Furr worked with Mary Washington Healthcare in Virginia to organize data collected on racial disparities in the Hispanic community related to maternal health and infant mortality.
“We were able to work with Caitlyn on a partnership with the hospital which really isn’t a normal project for a Student.Go intern,” Sue said. “With her help, we were able to go farther than we could go on our own as an agency and touch on a bigger piece of a systemic problem in the community.”
For immigrants living in the United States, access to quality health care can be a challenge. Some may not qualify for services or may work for businesses that do not provide adequate coverage. Others may be intimidated by language barriers or lack access to reliable transportation. Because of these and other reasons, health disparities often exist in Latino and Hispanic communities.
Following her analysis, Furr created a proposal for reducing racial disparities and the infant mortality rate in Fredericksburg. She also interviewed community members to see how the proposal could best meet their needs.
“There wasn’t really anyone in the system saying, ‘Hey, Hispanic health issues are important in Fredericksburg, and we need to address them;” Sue said. “The hospital took the data Caitlyn compiled and said, ‘we still don’t know what to do with it.”‘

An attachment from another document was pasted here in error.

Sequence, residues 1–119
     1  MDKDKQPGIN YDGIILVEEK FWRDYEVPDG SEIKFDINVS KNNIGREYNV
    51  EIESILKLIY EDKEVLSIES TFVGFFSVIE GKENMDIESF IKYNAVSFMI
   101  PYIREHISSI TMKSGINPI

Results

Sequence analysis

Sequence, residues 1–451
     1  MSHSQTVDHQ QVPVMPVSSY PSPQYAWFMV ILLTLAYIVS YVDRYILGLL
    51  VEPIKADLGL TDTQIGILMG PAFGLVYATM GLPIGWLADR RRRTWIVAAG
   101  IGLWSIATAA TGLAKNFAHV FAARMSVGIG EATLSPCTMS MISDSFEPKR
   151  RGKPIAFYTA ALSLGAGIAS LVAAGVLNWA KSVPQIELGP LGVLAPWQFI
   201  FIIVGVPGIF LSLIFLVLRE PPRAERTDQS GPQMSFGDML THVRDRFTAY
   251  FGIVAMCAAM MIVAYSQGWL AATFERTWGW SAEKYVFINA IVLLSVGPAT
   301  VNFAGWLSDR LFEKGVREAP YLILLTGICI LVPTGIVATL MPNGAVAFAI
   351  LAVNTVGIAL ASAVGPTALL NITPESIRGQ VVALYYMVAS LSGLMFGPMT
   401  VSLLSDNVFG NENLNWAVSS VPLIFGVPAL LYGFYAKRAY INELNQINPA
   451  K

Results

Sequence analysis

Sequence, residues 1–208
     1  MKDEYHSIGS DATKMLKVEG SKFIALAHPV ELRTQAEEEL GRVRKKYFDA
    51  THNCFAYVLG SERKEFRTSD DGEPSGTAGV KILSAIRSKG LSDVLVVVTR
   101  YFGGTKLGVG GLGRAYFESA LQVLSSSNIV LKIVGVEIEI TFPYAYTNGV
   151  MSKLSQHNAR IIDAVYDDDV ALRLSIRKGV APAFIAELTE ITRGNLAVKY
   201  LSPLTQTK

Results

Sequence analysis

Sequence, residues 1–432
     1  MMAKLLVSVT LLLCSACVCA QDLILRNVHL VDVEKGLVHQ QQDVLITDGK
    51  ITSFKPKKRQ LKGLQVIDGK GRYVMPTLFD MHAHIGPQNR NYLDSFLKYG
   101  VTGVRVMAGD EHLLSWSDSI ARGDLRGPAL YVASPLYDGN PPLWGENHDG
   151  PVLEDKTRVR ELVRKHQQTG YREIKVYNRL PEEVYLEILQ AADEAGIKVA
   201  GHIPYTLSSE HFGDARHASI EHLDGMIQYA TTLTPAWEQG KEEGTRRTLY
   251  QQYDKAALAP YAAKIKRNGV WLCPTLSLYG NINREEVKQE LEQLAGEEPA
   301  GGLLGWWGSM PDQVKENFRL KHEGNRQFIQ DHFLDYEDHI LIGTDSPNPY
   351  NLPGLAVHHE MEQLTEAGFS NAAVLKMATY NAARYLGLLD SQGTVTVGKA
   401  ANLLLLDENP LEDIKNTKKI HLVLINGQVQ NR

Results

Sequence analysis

Smith, Furr and hospital staff members worked together to receive the input of Latino community members, holding informal interviews in Spanish with those who had received services through Mary Washington Healthcare.
“It was kind of a ‘duh’ moment, actually talking with stakeholders,” Sue said. “I sat in with some of the focus groups at the hospital, and it seemed kind of novel for hospital personnel, maybe something they couldn’t do on their own, which was to network with the actual community.”